With the advent of digital, engagement has risen up the ranks of evaluation criteria. Pre-digital, engagement with a brand wasn’t really monitored, the focus tended to be on either awareness or lead/sales generation.
The introduction of social, and with it the opportunity to have a two-way dialogue with customers, has pushed ‘engagement’, as a metric, well and truly into the spotlight. It’s no longer appropriate to simply tell customers about your products and services – they want to know more about you – your personality, your ethos and philosophy. They want to be able to share their experiences of your brand, good or bad, with their fellow followers. Many are also willing to share their ideas and suggestions for how you could improve or innovate your products/services.
So what exactly is engagement?
Engagement: The interactions between people and brands – mainly in an online arena.
How do we measure it?
The metrics detailed below are some of the key metrics used when measuring engagement. It is not an exhaustive list so depending on your goal, there may be a better metric which is not mentioned here.
Measuring engagement online
Cost per Click or Clickthrough Rate (CPC/CTR)
The cost per click/click through rate metric measures how many people have clicked on an online ad or email vs the total cost of the activity and is usually expressed as an average. Used in email marketing and online advertising/PPC, it shows that your activity has been noticed and acted upon.
The beauty of analytics is that you can track virtually anything and everything. The following website analytics give a good indication of user engagement on your website:
Average session duration
Average no of pages visited
Number of downloads
Number of Goal and/or Event conversions
Any measurable activity that a user engages in before making a conversion
The percentage of people who land on your page and leave without interacting or viewing any other pages. NB While a high bounce rate is often seen as a negative, it really does depend on the page in question e.g. if a blog post has a high bounce rate, that may not be a bad thing, assuming a visitor has landed on the blog post page from a social post and had read your content before leaving the site.
Interaction Rate (Website/Advertising)
Tracking action within ad or webpage e.g. rollover, click play on video, check box, etc. The metric is calculated based on % of impressions resulting in an interaction.
Social Media Metrics
An incoming hyperlink from one web page to another website. Often considered an indication of the popularity/importance of your website. Important for SEO because search engines such as Google give more credit to websites that have a good number of quality backlinks and consider them to be more relevant than others when returning search results.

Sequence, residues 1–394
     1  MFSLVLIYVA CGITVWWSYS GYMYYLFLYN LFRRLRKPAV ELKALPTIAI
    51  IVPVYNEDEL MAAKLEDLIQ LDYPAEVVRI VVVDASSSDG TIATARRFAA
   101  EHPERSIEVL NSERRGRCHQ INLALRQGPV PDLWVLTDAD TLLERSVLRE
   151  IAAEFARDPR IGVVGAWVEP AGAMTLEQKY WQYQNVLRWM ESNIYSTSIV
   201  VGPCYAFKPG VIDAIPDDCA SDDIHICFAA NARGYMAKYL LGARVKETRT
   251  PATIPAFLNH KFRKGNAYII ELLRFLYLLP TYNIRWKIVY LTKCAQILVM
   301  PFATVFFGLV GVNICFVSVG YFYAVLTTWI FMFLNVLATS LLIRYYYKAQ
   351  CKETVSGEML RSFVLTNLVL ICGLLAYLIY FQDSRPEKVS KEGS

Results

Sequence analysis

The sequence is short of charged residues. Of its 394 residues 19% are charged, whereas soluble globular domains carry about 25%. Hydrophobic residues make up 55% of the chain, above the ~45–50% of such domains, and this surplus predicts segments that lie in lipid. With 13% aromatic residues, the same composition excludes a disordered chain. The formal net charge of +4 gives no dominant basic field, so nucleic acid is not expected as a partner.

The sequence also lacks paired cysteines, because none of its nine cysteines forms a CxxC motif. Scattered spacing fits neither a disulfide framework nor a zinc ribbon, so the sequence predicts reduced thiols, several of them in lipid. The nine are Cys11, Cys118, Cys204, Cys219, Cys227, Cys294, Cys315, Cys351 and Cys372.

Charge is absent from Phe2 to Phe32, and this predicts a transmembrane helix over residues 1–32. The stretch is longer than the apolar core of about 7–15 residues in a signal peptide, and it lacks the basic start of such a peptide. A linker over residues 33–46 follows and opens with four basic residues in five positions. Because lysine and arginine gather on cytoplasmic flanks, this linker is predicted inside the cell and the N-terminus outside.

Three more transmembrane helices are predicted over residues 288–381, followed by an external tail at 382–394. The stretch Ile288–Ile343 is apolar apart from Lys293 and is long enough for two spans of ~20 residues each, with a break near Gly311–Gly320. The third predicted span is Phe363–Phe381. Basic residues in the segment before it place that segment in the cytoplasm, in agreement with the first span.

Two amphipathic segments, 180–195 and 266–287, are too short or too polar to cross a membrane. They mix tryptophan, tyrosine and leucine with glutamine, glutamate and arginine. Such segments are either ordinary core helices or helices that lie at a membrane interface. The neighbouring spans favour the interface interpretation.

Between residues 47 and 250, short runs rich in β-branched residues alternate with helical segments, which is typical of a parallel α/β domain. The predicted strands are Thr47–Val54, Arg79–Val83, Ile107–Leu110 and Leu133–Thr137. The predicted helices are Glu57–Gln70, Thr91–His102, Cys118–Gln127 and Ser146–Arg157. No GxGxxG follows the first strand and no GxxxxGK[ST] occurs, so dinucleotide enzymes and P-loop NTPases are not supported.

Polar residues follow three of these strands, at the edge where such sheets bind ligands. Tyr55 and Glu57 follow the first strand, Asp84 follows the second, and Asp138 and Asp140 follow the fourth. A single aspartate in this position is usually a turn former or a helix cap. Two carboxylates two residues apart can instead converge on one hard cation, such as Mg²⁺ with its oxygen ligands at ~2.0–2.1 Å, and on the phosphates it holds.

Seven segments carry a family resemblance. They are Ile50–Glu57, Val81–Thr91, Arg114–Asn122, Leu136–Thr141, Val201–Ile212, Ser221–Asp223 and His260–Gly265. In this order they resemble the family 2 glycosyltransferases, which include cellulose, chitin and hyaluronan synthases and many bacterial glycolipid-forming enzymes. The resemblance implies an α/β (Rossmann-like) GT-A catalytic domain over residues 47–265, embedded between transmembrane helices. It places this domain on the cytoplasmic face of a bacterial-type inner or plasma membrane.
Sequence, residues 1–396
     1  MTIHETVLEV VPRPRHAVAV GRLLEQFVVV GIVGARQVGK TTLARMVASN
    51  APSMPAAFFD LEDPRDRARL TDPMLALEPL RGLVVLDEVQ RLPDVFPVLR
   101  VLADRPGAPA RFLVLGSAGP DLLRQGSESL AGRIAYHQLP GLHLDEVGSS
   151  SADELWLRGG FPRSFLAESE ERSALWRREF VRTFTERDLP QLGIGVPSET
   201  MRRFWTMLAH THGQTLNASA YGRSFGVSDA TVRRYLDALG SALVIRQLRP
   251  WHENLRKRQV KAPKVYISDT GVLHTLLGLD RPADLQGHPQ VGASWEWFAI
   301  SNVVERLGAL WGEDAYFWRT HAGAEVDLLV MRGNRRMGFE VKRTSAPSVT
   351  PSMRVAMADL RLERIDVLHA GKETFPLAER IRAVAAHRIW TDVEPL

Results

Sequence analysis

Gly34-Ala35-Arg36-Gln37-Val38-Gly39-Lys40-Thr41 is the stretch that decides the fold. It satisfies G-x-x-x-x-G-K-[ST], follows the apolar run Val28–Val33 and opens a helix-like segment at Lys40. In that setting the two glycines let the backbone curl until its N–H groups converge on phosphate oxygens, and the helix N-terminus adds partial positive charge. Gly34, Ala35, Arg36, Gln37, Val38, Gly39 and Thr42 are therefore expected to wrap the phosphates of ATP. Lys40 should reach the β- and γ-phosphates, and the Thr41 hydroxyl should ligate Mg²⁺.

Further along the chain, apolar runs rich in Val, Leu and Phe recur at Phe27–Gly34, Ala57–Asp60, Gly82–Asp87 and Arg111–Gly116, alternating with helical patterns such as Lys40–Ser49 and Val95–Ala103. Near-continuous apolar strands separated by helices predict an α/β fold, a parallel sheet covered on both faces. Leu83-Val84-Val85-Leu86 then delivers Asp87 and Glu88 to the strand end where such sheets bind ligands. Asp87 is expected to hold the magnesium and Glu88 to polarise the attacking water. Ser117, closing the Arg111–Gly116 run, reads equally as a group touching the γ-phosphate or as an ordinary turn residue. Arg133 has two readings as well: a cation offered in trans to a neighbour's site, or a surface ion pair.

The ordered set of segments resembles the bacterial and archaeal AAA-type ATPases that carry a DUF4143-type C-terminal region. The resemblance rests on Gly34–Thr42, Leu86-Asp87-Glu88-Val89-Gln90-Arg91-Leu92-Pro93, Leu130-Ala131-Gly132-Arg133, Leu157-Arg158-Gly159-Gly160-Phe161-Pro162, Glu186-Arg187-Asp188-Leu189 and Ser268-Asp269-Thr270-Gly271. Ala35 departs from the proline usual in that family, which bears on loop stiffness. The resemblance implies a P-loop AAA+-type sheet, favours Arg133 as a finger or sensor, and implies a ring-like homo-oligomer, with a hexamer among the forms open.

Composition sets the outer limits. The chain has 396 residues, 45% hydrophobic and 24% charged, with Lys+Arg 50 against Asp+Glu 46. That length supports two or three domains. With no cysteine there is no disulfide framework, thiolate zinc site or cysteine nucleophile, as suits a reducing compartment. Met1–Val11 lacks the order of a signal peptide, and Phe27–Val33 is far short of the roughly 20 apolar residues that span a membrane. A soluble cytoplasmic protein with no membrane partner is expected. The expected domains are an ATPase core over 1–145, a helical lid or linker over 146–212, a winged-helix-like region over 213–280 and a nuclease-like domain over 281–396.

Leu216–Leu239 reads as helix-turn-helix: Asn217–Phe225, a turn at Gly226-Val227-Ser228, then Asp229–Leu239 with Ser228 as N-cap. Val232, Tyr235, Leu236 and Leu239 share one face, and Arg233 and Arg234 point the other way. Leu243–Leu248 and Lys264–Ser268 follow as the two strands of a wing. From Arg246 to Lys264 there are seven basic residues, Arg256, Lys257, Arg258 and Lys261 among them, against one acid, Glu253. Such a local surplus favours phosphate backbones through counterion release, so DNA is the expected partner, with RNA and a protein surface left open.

Sharing content from a website via a social media platform.
Instances where a company or brand name is mentioned/tagged online, usually on social media or in a blog post, website article or other piece of content.
The emotion behind a social mention. Is the mention positive, negative or neutral? Sentiment adds important context to social conversations without it, measurement of mentions could be misleading. Eg Your brand might receive lots of mentions on social media but if the majority of the mentions are negative, it could highlight a potential issue.
Social Share of Voice
Percentage of mentions within the industry that are about your brand versus the percentage that are about the competition.
Online Contact /Direct Messaging
The number of reshares, retweets or repins on average for each post.
Approval actions e.g. favourites, likes, +1s etc are counted as ‘virtual applause’ received from your audience.
The number of comments or replies.
The number of engagements (clicks, retweets, replies, follows and favourites) divided by the total number of impressions.
Any form of digital content such as blogs, reviews, videos, photos etc. that are produced and shared by end users of an online service or website.
Measuring engagement offline
With regard to offline material there has to be a mechanic in place e.g. coupon to track the response of the consumer:
Cost per response (CPR)
The cost per response metric measures how many responses a campaign has generated vs the total cost of the campaign and is usually expressed as an average. Used in direct marketing and direct response advertising, the responses can come from any of the following:
Physically filling out a coupon or form on an ad, leaflet or brochure and sending it back to the company for fulfilment.
Direct Response Phone Numbers
Dedicated phone numbers which are used to track responses to advertising or direct marketing activity.
Vanity URL tracking
Used to track online responses generated from offline activity e.g. advertising campaigns/marketing literature. A word of caution: if your vanity url is your web address followed by /vanityurl some people may just type in your website url and then search through your website to get to the information that they want.
Engaging with your audience takes time and requires trust. In today’s ultra-competitive world, businesses need to create valuable content and experiences to help nurture and build online relationships between their customers and their brand.
Consumers will connect and engage with a brand if there is something in it for them – that doesn’t mean giving away millions of branded freebies. Useful information about your product, its usage or simply helpful tips so your customer can do something more efficiently, all add value to your content offering. It’s not about your business, it’s all about the customer.
So, if tracking engagement is your goal, the metrics above will tell you if your marketing activity is performing as it should. If you need a helping hand with any aspect of marketing measurement and evaluation, get in touch today.
Enjoy this? Read Evaluating awareness: Making everything count Pt. 1